Howdy, y’all. Today is the 28th day of July — at least here in Texas, USA, Earth — and thus it’s National Chili Dog Day AND National Milk Chocolate Day, and the only way it could get any better is if the Gazette’s small army of interns would rush out and bring me back a chili dog and a Yoo-hoo. OK, I have no idea if a delicious Yoo-hoo contains actual milk chocolate, which, as I understand it from my extensive research, requires actual milk, which Yoo-hoo doesn’t contain. But I’m getting off the subject here, because what I intended to say is that today is also National Intern Day, but we won’t celebrate it because Management (aka “The Man”) is too $*%&# cheap to hire any interns, much less a small army of them.
But here’s an impressive (I think) segue. You know that $*%&# I used above (as a euphemism for ^*#%$, but you knew that)? I just learned that there’s a name for that string of characters that stands in for a word that would get your mouth washed out with soap if you lived in a kinder, gentler, cable-, internet-, and Quentin Tarantino-free world. It’s a grawlix. And there’s actually a standard way of writing a grawlix: @#$%&. (OK; you caught me…that’s the AMERICAN standard for a grawlix; the BRITISH standard — for the benefit of my many UK readers — is @#£%&.) Of course, editorial and/or grammatical standards are made to be ignored, and thus I made up my own. Feel free to borrow it.
We have a lot to cover today (not really) but first:
Raise your hand when you get it.
I just received the annual emailed renewal notice for the SiriusXM subscriptions in both our cars. And, as always, that’s my cue to call them and threaten to cancel our subscription, which is their cue to say something like…”wait…I see that you’re eligible for a special upgrade rate!” and they’ll reduce the proposed annual fee by half or 2/3rds.
See, the renewal fee they’ve just quoted comes to $597/year, whereas we paid $242 last year, thanks to my threatening phone call last August. It’s such a transparent sham song-and-dance. I suppose what they’re counting on is for people to either not notice the increase, or forget to contact them, or just give up because it’s such a hassle (you can only cancel — or threaten to cancel — by phone).
I know; $250 isn’t really a lot in the cosmic scheme of things…but it is enough to keep the Gazette up and running for another year. So, SiriusXM…let’s dance.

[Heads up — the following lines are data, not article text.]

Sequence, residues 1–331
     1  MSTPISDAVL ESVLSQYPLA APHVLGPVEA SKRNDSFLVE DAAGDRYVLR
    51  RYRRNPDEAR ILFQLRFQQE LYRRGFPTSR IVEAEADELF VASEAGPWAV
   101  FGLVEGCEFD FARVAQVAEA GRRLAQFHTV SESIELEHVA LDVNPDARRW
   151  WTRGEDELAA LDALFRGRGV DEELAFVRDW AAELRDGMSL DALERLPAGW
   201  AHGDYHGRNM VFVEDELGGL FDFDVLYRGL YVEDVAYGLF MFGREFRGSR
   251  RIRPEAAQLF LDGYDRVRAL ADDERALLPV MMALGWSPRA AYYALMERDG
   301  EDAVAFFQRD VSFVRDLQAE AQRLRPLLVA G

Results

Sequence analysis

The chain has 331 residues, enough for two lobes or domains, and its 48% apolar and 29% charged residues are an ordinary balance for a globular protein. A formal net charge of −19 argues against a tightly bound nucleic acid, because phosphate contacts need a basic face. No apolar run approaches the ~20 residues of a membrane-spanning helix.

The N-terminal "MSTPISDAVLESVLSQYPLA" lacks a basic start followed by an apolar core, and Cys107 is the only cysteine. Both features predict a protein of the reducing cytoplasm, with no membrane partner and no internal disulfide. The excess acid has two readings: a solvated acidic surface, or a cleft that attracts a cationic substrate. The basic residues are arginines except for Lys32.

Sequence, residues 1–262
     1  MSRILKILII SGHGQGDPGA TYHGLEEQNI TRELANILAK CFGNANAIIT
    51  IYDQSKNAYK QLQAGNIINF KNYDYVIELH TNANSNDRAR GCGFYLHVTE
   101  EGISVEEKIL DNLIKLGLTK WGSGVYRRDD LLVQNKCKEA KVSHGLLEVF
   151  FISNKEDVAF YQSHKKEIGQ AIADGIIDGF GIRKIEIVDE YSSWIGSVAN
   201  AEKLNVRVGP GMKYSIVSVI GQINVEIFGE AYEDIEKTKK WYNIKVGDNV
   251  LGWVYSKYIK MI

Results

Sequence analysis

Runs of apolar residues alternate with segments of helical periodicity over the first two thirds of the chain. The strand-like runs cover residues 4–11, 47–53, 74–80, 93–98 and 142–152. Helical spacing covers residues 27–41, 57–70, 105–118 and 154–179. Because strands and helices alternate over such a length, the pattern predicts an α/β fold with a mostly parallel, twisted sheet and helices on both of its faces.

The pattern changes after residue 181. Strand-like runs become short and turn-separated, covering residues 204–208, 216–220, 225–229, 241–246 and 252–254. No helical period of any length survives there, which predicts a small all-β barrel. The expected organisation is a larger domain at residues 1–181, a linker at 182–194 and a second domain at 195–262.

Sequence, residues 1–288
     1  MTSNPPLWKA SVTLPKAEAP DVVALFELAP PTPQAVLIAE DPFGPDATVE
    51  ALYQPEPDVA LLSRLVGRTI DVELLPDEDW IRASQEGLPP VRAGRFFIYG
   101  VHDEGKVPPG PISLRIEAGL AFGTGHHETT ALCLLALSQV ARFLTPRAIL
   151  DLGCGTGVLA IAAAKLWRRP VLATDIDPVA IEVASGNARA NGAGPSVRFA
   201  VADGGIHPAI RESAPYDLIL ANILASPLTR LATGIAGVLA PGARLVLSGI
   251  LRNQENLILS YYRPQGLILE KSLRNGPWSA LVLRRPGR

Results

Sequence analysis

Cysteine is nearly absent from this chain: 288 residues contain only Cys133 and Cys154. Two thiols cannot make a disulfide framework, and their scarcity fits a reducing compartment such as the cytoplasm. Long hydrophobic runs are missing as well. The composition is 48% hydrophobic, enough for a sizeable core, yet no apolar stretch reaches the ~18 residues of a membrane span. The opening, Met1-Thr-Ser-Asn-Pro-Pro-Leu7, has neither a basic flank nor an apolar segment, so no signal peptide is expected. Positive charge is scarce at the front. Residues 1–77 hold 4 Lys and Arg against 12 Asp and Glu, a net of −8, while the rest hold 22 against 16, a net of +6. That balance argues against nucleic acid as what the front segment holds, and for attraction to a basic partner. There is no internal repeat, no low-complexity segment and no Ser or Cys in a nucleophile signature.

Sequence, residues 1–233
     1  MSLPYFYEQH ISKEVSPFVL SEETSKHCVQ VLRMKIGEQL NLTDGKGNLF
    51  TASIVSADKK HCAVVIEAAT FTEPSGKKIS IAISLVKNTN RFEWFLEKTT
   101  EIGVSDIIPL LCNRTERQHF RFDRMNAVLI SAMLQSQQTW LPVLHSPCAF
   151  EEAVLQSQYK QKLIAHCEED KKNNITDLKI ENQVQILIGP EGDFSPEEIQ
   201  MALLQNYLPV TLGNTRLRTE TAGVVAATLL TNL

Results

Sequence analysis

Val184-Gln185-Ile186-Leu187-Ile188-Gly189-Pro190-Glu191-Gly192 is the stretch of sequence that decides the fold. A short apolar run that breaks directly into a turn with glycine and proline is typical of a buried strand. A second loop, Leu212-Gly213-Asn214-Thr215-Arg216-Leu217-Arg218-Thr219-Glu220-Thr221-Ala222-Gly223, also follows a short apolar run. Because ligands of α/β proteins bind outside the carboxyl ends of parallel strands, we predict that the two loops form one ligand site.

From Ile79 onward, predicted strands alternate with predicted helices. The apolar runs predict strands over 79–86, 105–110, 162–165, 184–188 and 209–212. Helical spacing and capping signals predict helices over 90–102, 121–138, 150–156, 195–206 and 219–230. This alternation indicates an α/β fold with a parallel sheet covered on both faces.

So, here’s something for those of you who operate UASes, aka drones and remote control aircraft for strictly recreational purposes: an “aeronautical knowledge and safety test,” the passage of which is required by law before flying your aircraft. It’s called TRUST (“The Recreational UAS Safety Test”). It’s an online course that takes about 30 minutes, and if one successfully completes it (and you’d have to be unconscious not to do so), you’re issued a certificate which you are required to show the FAA or law enforcement if requested. The preceding link explains more about the course, and provides links to multiple websites that administer it. I took it yesterday via the Boy Scouts of America website.
While this course and test went into effect a year ago, I just found out about it via an email from the FAA. The test is free, and, as I implied, drop-dead simple.
Here endeth the Public Service Announcement.
Hey, any of y’all ever heard of something called Wordle? Ha…jk…of course you have. If you’re on Facebook, your feed is probably filled with friends’ posts showing their daily conquest/defeat and perhaps some accompanying humblebrag/excuse about how lucky/unlucky they were.
I keep thinking Wordle is going to jump the shark any day now, but like lame network game shows, the puzzles just keep on a’coming.
Now, I don’t begrudge folks who enjoy what by all appearances is a harmless, albeit apparently addictive game, and I really don’t mind scrolling past the FB posts. I’m just curious about the trajectory of this phenomenon. I mean, there’s now a Wordle board game, and that might be the canary in the coal mine, to mangle a metaphor.
Can a movie be far behind…and will it involve Minions? How about a new Batman arch-villain, the Wordler (you get six tries at…something…before your ferret explodes)? Perhaps Dan Brown will pen a novel in which he reveals the secret and supernatural messages being sent out by the Illuminati via the game’s daily solutions.
All of those are possibilities, but we’ll know the phenomenon has reached its apogee when Ford introduces its new F-150 pickup, the Wordle Edition.
And, in conclusion:
Admit it…you did it in your head, too.